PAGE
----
The Conference on Asian Trends in Prostate Cancer Hormone Therapy is an annual forum for Asian urologists now in its 5th year. The 2006 conference, held in Bali, Indonesia, was attended by 27 leading urologic oncologists from China, Indonesia, Japan, Korea, Singapore, and Taiwan and featured a packed program of presentations and discussions on a wide range of topics such as relationships among clinicians and the newly opened Asia Regional Office for Cancer Control of the International Union Against Cancer (UICC), detection rates of prostate cancer by biopsy in each of the 6 Asian countries, and favored treatment modalities for hormone-refractory prostate cancer (HRPC) in each country. The first session of the conference kicked off with a keynote lecture entitled "Activities of the UICC ARO". UICC's new office will be the nerve center for its activities in the Asia region. Along with the Asian Pacific Organization for Cancer Prevention (APOCP), UICC aims to shift the focus of attention to cancer control. As such APOCP's long-running publication the APJCP is to be re-launched as the Asian Pacific Journal of Cancer Control. Although UICC is primarily concerned with cancer, several risk factors for cancer are common also to other non-communicable diseases such as diabetes and heart disease, and an important strategy is to implement measures to control these various pathologic conditions as a whole. Apart from contributing to an Asian prostate cancer registry the UICC-ARO will provide training courses, working groups, and assistance in collecting and processing data. The keynote lecture was followed by a roundtable discussion on possible ways in which clinicians from each Asian country can work with UICC. A number of suggestions were put forth including better registration, epidemiology research, possible implementation of UICC prostate cancer guidelines, early detection and screening, and roles of diet and phytotherapy. The underlying reasons for the large but dwindling difference in incidence rates of prostate cancer in various regions of Asia should be studied while the opportunity lasts. Session 2 was devoted to 6 presentations on detection rates by biopsy in each country. Although biopsy is the gold standard for detecting prostate cancer in most areas, indications for conducting biopsy are different in each country. For example, in Indonesia doctors may use PSAD 0.15 as the cutoff level. TRUS-guided biopsy is most widely used in Asian countries. Traditional sextant biopsy is often performed, although multiple-core biopsy is commonly available and associated with better detection rates, especially in men with large prostate volume. Positive DRE, high PSA, and older age were identified as factors associated with high biopsy detection rate, although elevated PSA has limited specificity. First biopsy in men with elevated PSA had a positive detection rate of approximately 30% in all countries. Community-based screening in some countries has an overall detection rate of approximately 1%.The favorable treatment modality for HRPC was the subject of the final session. First priority for doctors in all 6 countries is to maintain serum testosterone at castration level. Many therapeutic options are available, from cytotoxic drugs to traditional herbal medicines Chemotherapeutic agents such as estramustine, docetaxel, cyclophosphamide, and mitoxantrone are often given to patients with HRPC although not all are available in every country. Prednisone and dexamethasone are used for secondary hormonal therapy. External beam radiotherapy, radioisotopic drugs such as strontium 89, and bisphosphonates are common choices to control bone pain.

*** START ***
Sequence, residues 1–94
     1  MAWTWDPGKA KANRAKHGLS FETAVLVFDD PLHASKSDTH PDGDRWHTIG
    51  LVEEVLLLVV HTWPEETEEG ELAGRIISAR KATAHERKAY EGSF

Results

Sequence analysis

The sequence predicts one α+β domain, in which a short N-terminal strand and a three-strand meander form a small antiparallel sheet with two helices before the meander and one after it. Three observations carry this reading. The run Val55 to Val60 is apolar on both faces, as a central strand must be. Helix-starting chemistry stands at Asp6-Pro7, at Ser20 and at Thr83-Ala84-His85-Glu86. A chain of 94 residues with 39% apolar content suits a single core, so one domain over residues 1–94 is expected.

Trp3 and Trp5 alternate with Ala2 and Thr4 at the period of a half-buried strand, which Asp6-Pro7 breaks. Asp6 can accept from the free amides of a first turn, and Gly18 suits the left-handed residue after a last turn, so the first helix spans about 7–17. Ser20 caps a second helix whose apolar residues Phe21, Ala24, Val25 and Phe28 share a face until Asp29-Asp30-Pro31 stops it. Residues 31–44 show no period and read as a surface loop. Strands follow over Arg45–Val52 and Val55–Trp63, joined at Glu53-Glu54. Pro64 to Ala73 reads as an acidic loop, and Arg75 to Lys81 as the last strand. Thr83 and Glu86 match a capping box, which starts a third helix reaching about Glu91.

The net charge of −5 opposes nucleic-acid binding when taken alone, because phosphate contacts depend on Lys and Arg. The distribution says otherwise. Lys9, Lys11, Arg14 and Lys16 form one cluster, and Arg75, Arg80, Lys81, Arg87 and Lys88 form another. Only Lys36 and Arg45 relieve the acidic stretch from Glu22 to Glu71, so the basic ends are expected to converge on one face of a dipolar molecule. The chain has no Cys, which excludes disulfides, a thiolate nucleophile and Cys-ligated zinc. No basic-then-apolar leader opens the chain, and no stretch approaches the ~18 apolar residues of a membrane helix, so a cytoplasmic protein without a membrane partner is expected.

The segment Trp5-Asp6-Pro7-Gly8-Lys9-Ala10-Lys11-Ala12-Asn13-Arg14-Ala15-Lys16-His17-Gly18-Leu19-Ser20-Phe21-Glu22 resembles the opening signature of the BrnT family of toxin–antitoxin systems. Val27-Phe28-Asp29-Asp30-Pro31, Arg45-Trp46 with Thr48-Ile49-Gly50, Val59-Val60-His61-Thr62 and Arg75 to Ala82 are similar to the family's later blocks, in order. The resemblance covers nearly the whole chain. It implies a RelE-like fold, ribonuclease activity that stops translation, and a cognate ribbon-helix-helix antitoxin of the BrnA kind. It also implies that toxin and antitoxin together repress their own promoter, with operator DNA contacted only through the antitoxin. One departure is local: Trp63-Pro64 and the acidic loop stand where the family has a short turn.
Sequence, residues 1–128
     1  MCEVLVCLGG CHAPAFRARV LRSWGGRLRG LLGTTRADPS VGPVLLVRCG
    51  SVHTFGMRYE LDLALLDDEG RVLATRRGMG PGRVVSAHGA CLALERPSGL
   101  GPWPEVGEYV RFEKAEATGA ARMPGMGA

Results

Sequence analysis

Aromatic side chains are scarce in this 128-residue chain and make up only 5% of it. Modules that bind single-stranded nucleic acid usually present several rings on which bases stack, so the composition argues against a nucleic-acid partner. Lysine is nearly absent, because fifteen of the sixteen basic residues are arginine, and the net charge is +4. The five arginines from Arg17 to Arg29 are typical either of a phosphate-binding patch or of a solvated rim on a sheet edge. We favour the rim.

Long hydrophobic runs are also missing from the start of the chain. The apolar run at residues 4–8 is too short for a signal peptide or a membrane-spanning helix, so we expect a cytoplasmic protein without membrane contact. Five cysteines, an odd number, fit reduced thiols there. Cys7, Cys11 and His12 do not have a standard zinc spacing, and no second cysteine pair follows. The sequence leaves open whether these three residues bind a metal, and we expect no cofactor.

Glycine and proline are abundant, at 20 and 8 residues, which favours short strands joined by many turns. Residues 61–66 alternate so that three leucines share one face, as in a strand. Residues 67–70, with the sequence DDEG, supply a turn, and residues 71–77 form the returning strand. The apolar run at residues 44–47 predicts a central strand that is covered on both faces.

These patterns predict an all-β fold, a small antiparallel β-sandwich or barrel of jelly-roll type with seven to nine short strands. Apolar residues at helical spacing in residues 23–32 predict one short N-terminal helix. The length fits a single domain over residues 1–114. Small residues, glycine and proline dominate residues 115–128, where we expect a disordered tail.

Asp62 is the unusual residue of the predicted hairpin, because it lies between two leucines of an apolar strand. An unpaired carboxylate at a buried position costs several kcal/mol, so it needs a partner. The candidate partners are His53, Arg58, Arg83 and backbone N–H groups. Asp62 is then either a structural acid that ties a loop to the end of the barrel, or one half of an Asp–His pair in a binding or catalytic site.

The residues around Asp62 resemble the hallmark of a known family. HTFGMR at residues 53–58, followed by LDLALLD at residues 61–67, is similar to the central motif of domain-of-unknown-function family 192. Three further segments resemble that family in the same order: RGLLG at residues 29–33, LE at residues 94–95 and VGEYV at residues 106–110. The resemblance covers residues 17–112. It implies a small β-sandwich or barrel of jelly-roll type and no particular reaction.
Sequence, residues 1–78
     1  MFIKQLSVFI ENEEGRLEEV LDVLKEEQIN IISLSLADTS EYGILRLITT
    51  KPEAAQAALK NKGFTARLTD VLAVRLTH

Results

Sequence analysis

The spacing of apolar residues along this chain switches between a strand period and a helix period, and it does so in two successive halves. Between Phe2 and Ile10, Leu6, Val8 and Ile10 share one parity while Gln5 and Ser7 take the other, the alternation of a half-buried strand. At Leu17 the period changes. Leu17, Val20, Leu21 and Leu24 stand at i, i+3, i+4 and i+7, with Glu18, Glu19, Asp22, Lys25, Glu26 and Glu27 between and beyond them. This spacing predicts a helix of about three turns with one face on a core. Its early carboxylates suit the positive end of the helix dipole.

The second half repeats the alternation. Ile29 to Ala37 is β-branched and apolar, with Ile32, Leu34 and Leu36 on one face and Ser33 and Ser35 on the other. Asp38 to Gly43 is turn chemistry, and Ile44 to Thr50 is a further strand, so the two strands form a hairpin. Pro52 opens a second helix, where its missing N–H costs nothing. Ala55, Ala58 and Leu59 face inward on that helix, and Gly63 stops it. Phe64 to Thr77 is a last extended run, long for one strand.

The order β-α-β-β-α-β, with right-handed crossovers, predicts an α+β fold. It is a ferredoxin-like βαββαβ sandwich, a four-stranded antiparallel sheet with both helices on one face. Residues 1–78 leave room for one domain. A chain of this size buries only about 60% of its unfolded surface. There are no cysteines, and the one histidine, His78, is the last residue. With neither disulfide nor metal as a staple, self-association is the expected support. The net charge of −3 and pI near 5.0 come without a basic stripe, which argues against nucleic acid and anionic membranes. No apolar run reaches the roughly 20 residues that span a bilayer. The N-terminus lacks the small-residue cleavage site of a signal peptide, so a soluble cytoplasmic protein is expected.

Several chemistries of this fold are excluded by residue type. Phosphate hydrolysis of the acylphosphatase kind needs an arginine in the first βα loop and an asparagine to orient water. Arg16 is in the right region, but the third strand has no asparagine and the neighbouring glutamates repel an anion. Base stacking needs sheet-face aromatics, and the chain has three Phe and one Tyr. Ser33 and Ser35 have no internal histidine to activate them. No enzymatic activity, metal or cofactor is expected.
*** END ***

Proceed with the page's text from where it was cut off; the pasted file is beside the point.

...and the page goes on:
|Number of pages||10|
|Journal||Asian Pacific journal of cancer prevention : APJCP|
|Publication status||Published - 1 Jan 2007|